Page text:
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Grocers Are Riding Out Another Wave Of Stockpiling

NGA stockpiling

By Jim Dudlicek / NGA Director of Communications and External Affairs

As the pandemic drags on into 2021, we look for all the good news we can. And reports of a COVID vaccine being available, delivered and administered is certainly great news. Meanwhile, as the vaccine is gradually rolled out across the globe, life goes on and amid a year’s end surge of coronavirus cases, many folks reportedly have returned to stockpiling groceries. That certainly puts added stress on the supply chain and the frontline workers, from warehouse to supermarket, who keep it moving.

Of course, the supply chain is in fine shape – despite regional anomalies in some high-demand product categories, product is plentiful and continues to flow toward retailers, who have demonstrated how resourceful they can be in procuring extra goods for their customers.

And you folks are reporting a mixed bag. Retail members responding to a recent NGA survey revealed that just over half of you (55 percent) have been seeing shoppers pick up extra product in high-demand categories, with the rest reporting little evidence of panic buying in the weeks leading up to the holidays.

In any case, there’s good news for basket rings at independent supermarkets. More than a quarter (28 percent) of consumers shop at small, local grocery stores, according to late-November surveys from Shopkick and ACI Worldwide. And though e-commerce continues to gain a foothold, nearly 80 percent of the U.S. consumers polled prefer to buy at least some of their groceries in physical stores.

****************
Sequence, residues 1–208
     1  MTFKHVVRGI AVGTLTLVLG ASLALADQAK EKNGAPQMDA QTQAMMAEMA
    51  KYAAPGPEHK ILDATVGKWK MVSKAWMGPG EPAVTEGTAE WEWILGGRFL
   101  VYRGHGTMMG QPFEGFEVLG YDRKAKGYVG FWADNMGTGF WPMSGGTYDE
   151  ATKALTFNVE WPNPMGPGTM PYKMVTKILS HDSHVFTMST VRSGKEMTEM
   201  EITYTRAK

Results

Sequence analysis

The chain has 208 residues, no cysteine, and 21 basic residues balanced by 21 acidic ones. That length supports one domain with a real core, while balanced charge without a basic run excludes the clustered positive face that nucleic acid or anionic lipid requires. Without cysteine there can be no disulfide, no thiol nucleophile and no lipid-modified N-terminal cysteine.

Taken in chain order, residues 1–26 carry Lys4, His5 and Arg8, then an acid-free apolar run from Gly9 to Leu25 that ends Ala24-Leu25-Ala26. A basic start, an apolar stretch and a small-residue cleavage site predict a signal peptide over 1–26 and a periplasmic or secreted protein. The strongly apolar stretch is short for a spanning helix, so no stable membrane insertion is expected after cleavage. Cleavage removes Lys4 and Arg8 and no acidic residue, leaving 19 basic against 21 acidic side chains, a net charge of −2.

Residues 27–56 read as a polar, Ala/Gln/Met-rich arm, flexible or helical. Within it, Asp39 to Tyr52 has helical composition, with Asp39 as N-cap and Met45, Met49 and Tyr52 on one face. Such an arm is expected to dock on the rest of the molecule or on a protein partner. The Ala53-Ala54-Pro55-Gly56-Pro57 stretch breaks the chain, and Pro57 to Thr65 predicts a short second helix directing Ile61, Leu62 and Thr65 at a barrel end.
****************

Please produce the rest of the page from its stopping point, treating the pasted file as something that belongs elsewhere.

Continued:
What do folks prefer to shop for in person? The fresh perimeter – perishables like fresh meats, fruits and vegetables, the survey reports. These are areas where independents excel, often using them as key points of differentiation from their larger chain competitors, and they continue to be worthy of ongoing attention and investment.

That doesn’t mean independents should let up on their efforts to boost their e-commerce infrastructures. On the contrary, constant service enhancements are essential to ongoing success, as online shopping, either for pickup or delivery, will become routine for a greater number of people even after the pandemic is over.

Despite an affinity for the in-store experience, 16 percent of grocery shoppers surveyed are buying less in-store and more online than before the pandemic, versus 4 percent who said they shifted from in-store to online in March. Nearly a quarter (23 percent) said they’re ordering groceries online for home delivery more now than before the pandemic, with 21 percent opting for curbside pickup and 12 percent increasing use of in-store pickup.

Meanwhile, what’s leading stockpilers’ shopping lists is no surprise: toilet paper, water, cleaning supplies, hand sanitizer, medicine and medical items, and pet supplies, in addition to food. And shoppers have again encountered out-of-stocks as they did in the first wave of the pandemic.

Generally, grocers are better prepared for the second wave after having experienced the first, though it makes it no less stressful. But these past few months have shown independent operators to be among the most innovative folks in the industry at sourcing high-demand goods and keeping their customers informed, satisfied and safe.

Read more about the Shopkick survey here and the ACI study here.

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Donald E. Stephens Convention Center
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